On the 30th anniversary of the decriminalization of abortion in Canada, the McGill Institute for Gender, Sexuality and Feminist Studies (IGSF) organized a two-day bilingual conference, Abortion Beyond Bounds 2018, to discuss the continuously-changing global landscape of access to abortion. The conference, which featured a series of student and expert panels, revolved around the importance of having control over abortion decisions. The speakers considered how persistent barriers to global access contrast the increased availability of information and resources thanks to new technologies.
The first day of the conference consisted of student panels, providing graduate student researchers from across Canada the opportunity to present their work. The panel “Voice and Choice: First-Person Narratives of Abortion Experiences in Canada” focused on people’s experiences with self-managed abortion, meaning when a woman chooses to perform her own abortion outside of a medical setting. Contrasting with the independent notion of self-managed abortions, Sarah McLeod, a graduate student at Acadia University, presented a case study on Acadia Pregnancy Support (APS), an anti-choice organization on her campus. Despite advertising themselves as a non-judgmental counselling service with peer support and access to resources, this Christian organization circulated misleading and biased information in addition to resorting to shame and scare tactics to discourage abortion. APS eventually lost its club status and was expelled from the Acadia Students’ Union building for failing to have enough members. McLeod concluded her presentation with her opinion on the organization’s activities.
“Should anti-choice organizations be allowed to operate as ‘pregnancy support’ on university campuses?” McLeod asked. “I would say no.”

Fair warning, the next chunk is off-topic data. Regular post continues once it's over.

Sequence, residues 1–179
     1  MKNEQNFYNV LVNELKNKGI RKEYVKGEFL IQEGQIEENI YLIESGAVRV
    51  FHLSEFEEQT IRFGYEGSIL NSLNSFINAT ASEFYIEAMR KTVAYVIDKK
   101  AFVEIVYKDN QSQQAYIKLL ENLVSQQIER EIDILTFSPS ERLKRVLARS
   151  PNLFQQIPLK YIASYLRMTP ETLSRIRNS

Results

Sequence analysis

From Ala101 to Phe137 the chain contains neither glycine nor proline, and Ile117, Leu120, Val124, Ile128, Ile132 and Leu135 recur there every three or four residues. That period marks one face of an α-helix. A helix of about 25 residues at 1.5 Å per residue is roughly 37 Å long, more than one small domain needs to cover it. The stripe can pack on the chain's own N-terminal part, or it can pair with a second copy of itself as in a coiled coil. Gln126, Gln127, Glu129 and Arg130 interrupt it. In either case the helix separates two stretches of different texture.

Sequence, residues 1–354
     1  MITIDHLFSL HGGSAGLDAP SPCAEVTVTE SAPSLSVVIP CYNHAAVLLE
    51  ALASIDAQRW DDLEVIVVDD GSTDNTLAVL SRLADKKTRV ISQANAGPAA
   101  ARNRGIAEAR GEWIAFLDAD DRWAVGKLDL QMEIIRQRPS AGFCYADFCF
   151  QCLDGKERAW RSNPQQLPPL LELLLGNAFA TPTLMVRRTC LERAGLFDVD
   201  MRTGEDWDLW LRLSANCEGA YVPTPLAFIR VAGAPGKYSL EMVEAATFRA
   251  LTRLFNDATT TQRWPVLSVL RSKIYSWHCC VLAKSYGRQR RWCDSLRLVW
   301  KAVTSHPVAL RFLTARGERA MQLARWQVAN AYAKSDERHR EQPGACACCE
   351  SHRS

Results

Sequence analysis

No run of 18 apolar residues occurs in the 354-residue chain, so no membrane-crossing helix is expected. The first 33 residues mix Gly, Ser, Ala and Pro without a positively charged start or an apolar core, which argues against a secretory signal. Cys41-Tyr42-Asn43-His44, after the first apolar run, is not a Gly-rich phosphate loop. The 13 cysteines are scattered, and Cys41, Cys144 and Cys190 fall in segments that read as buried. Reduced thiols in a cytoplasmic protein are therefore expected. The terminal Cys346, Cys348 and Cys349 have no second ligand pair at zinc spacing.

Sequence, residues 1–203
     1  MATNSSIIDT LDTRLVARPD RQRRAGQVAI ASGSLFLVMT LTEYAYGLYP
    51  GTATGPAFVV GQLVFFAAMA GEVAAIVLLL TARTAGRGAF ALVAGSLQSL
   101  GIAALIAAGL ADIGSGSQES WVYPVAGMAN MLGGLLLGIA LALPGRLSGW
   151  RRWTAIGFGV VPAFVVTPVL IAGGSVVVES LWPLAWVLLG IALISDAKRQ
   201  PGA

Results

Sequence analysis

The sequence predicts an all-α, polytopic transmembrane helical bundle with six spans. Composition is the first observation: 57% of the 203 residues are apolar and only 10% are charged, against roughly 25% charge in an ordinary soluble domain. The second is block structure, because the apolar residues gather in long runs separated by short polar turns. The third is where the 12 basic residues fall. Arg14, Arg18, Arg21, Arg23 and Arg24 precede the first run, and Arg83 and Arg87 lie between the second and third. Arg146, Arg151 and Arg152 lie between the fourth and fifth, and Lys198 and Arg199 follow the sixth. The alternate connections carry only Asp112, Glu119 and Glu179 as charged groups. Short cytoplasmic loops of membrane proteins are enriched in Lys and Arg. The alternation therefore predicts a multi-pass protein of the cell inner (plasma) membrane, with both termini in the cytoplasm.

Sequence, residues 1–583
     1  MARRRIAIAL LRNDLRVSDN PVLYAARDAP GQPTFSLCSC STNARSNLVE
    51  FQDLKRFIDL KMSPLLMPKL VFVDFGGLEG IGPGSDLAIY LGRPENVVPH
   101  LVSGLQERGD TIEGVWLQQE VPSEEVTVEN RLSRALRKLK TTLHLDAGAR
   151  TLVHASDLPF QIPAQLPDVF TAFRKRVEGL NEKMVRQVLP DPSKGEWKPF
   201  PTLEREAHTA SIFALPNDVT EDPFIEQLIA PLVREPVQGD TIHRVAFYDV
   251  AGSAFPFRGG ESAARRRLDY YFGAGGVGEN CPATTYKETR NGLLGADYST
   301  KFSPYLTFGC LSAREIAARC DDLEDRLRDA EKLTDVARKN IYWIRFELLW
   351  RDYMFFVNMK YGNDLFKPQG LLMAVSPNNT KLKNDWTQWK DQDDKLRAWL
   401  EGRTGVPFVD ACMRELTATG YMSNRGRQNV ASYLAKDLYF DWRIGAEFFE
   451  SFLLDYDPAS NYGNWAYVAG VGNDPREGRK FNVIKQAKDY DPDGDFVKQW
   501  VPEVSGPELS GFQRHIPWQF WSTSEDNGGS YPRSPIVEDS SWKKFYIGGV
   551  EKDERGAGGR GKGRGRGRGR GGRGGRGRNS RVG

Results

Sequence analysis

With regard to Canada legalizing the self-administered abortion pill mifepristone in 2016, the panel “Trust Women: Current Perspectives on the Safety of Medication Abortion” sought to assess the current clinical scene. Student research focused on expanding the possibilities of existing reproductive health methods to provide women with more autonomy in the process of abortion. Daniela Spagnuolo, a policy intern at Association of Municipalities of Ontario, conveyed the importance of her group’s research in promoting self-managed abortions.
“There needs to be change in the way people across Canada access Mifegymiso [the brand name for mifepristone],” Spagnuolo said. “That it is available in this country is not enough. We need to actively remove barriers to access, provide evidence-based information, and trust users to know their bodies and make their own decisions about abortion options.”
Parisa Sharifi, a research assistant at the University of Toronto, stressed the importance of presenting research findings in the field to a public audience.
“It’s been really important for us to present to the public to hear questions and see what we missed,” Sharifi said. “Especially with this conference where everyone works on or is affected by this research, it is important to hear from the audience.”
The second day of the conference brought together academics, activists, and artists to participate in a series of expert panels on self-managed abortion. Jennifer Fishman, associate professor at McGill and co-organizer of the conference, expressed the importance of discussing abortion through the lens of various institutions.
“Institutions’ primary motivation is carving out a space to consider how networks, such as clinical and legal networks, are finding ways to expand access,” Fishman said.
Joanna Erdman, associate professor in Health Law and Policy at the Schulich School of Law at Dalhousie University, outlined the common goal of the experts present at the conference.
“The real challenge is to think about whether we can capture the concept [of expanding the availability of abortion] without killing it, to recognize ideas of love, compassion and self-care, and to think about whether our institutions are even capable of honouring that,” Erdman said.